Belgian choreographer’s vision is likely to make you ‘Blush’The musician and songwriter David Eugene Edwards once said about Wim Vandekeybus, “He does what he does, not stopping to think about what is proper or normal, or what people might think of him. Nothing is contrived. He is and does what he feels. Raw emotion.”
Vandekeybus, the founder of the dance troupe Ultima Vez, is presenting his latest piece, “Blush,” at LG Arts Center for a three-day engagement starting tonight. “Blush,” inspired by the classic tale “Orpheus and Eurydice,” examines temptation and the internal struggle between good and evil.
Under Vandekeybus’s direction, Ultima Vez, and some say Belgium, has become synonymous with modern dance. Vandekeybus gave up acting to establish Ultima Vez in 1985. Soon after, when he was 24, his “What the Body Does Not Remember,” called “a brutal confrontation of dance and music,” won the 1988 Bessie Award in New York. The international accolades surrounding his first choreographed piece encouraged his vision ― incredibly physical, restless and vulnerable. He collaborates with musicians to create scores particular to each piece. And he takes a cinematic view of dance. In “Dreams Are Not Your Own Dreams” (1999), he used a male-only dance team. In “Scratching the Inner Fields” (2001), he worked with a female cast.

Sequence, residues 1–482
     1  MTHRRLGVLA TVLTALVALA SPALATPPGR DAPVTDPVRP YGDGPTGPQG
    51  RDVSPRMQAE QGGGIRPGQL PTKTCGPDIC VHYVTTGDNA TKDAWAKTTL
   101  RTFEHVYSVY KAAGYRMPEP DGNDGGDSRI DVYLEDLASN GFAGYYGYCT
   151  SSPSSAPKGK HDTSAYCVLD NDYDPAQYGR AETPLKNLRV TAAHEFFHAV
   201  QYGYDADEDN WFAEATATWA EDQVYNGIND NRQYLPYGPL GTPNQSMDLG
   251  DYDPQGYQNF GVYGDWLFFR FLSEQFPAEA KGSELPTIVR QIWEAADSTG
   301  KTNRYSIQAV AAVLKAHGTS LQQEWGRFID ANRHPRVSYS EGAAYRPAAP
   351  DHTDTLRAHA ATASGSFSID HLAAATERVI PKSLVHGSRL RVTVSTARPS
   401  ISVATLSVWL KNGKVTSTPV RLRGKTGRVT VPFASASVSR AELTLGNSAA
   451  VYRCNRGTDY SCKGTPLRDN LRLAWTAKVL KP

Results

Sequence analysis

After producing more than a dozen pieces, it seems it was time to take apart the old and come up with something new. For “Blush,” a collaboration between Ultima Vez and the Royal Flemish Theater, Vandekeybus auditioned 800 dancers to create a new team. Vandekeybus is dancing along with nine others.
“Blush” integrates video and dance. In the opening scene, dancers move across a lake depicted using multimedia. As they jump through the synthetic water, ripples spread, capturing Vandekeybus’ cinematic approach to presentation.
Supporting the movements are words spoken by Peter Verhelst, who gave “Blush” its text, and music by David Eugene Edwards, currently fronting the band 16 Horsepower. Edwards sometimes tours with “Blush,” but he will not be performing this time around.
In an interview in “Humo,” a Belgian magazine, Vandekeybus says, “I like to demolish everything and not be certain of anything, in my private life too. Of course, you have to be able to be in command of that a little ― I don’t advise unstable people to take this far.”
by Joe Yong-hee
LG Arts Center is in southern Seoul. For more information, visit www.lgart.com, www.ultimavez.com, or call (02) 2005-0114. Tickets are 30,000 won ($26) to 60,000 won.